Friday, August 12, 2011

Poem of the Week: Don Share

At Home

Greetings to the red-eyed clouds

from this, the house that sits

on the mound and faces the corner

that marriage built, where wine

was drunk and semen flooded

the egg which lodged in the uterus

that built the daughter who greeted

the man and the woman here

in the mound at the corner in the house

that education built, and you

know from home-schooling

that the woman can be the teacher

and the man can be the tender child

and ditto the actual infant, depending

on her sex, dependent on love and

income; oh our dear dependent

is ruining the new chair in the house

that nested ambition built, along

with naked sense, and the beak

of god, the job of love, the hurt

of older homes, the hang

of it generally, the hands of pain,

the haze of Zoloft and the pudge

of Prozac, the twins of failed

marriages that manage to live on

in the ardor of our redone arbor

here in the house that books built,

that Yiddish and the Book of Common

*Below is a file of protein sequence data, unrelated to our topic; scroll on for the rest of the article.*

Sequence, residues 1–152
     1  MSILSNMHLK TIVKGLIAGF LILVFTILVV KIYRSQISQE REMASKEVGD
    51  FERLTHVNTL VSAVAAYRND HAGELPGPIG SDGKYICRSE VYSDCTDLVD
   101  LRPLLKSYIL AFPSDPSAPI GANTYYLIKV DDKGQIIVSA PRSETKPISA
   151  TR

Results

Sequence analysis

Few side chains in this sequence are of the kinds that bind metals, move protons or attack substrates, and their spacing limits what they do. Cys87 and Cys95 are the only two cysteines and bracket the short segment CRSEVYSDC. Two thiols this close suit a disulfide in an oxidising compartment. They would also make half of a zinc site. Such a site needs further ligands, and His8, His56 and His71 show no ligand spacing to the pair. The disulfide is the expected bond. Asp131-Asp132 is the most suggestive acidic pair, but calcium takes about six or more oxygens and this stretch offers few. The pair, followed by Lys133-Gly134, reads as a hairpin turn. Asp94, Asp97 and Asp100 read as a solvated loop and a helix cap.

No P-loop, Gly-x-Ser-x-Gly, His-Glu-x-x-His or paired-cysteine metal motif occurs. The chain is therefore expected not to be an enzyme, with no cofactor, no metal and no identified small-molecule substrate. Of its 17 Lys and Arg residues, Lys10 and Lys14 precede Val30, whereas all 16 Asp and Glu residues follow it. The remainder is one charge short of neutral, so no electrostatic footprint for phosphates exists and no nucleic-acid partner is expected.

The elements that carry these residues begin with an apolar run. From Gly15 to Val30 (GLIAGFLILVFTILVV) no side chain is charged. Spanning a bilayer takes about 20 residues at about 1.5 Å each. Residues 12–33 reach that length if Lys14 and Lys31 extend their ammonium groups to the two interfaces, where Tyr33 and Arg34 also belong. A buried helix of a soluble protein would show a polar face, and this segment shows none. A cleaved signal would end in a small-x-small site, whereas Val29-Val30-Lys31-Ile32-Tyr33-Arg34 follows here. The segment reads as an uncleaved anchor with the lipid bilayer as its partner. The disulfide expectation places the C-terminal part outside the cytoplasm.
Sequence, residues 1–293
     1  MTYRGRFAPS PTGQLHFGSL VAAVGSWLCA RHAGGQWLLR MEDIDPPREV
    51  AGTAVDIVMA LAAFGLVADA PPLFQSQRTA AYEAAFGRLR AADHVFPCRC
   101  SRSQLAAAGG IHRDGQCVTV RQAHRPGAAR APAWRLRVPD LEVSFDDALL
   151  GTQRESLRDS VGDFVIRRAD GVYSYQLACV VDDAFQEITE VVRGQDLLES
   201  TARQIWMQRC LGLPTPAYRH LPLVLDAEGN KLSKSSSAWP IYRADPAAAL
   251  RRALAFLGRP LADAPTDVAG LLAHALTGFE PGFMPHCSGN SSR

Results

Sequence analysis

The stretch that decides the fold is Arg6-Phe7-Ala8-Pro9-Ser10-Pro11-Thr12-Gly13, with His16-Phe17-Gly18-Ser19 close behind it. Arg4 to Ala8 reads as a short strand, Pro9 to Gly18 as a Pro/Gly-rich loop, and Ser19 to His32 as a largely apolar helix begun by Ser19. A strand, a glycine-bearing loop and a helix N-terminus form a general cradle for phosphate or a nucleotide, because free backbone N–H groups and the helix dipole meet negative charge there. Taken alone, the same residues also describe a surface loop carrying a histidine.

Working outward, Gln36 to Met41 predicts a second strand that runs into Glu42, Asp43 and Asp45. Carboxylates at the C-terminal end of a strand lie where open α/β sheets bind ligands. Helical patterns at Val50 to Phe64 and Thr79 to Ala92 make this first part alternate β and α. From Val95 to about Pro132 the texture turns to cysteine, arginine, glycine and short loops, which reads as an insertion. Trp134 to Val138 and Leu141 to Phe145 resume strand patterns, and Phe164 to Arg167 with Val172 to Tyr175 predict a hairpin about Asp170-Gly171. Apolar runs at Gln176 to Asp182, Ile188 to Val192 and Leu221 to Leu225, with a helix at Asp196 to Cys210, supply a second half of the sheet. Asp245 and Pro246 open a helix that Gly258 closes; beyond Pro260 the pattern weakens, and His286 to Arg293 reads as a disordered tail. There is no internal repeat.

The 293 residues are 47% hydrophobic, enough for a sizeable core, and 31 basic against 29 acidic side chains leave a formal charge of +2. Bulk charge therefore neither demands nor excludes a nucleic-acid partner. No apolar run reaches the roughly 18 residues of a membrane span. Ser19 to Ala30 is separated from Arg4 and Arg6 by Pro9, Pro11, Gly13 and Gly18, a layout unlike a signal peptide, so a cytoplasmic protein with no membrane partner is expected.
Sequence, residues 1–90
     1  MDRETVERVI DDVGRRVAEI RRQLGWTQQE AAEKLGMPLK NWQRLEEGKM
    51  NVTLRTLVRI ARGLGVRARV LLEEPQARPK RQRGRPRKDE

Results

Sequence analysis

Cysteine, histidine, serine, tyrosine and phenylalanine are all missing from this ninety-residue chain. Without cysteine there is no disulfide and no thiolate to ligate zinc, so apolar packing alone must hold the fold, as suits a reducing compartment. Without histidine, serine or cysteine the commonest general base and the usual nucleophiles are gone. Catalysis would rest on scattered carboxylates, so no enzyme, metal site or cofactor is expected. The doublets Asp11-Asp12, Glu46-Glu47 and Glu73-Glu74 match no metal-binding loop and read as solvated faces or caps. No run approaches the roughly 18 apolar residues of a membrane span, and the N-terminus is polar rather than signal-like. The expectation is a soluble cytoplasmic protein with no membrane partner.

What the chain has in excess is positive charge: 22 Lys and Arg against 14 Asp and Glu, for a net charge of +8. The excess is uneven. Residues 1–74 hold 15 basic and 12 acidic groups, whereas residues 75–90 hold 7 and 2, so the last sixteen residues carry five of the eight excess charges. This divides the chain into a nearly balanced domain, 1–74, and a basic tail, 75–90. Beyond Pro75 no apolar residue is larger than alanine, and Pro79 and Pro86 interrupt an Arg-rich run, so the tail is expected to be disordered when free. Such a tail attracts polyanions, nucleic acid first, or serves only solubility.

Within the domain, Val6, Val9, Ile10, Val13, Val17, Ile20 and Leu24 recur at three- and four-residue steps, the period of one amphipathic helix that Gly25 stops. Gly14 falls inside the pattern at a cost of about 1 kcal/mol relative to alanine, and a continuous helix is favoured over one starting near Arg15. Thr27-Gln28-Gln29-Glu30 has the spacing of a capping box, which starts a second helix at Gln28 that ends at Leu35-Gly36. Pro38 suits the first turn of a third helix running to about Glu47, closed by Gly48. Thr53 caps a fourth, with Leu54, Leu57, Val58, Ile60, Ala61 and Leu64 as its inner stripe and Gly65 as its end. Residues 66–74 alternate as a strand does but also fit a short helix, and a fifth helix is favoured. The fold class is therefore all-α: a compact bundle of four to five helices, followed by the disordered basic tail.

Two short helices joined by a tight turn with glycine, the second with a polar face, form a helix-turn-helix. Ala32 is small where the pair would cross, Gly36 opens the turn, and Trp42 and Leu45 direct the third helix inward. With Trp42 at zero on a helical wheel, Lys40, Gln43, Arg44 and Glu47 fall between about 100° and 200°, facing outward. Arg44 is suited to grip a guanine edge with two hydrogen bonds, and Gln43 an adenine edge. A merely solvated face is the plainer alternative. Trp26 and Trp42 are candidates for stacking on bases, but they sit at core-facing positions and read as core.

Prayer built, that Presbyterian pride

built, that pogroms built, that blue

and white collars built, that Bildungs-

romans built, that the Biltmores built,

that mad dogs bayed at, that the baby

was born in that the cat bit and mouse

whispered within, over which, mortgaged,

the thunder caught its tongue and brought

great downpours upon while the coffee boiled,

while the paper, delivered late again, said:

We fight the terrorists abroad

so we don't have to fight them at home.

-Don Share

Used by permission.

Originally published in Squandermania

(Salt Publishing, 2007)

Don Share is Senior Editor of Poetry. His books include Squandermania; Union; and Seneca in English. Forthcoming are a new book of poems, Wishbone; a critical edition of Basil Bunting's poems; and Basil Bunting's Persia. His translations of Miguel Hernández, collected in I Have Lots of Heart, received the Times Literary Supplement Translation Prize and P.E.N./New England Discovery Award. With Christian Wiman, he has co-edited The Open Door: 100 Poems from 100 Years of Poetry.

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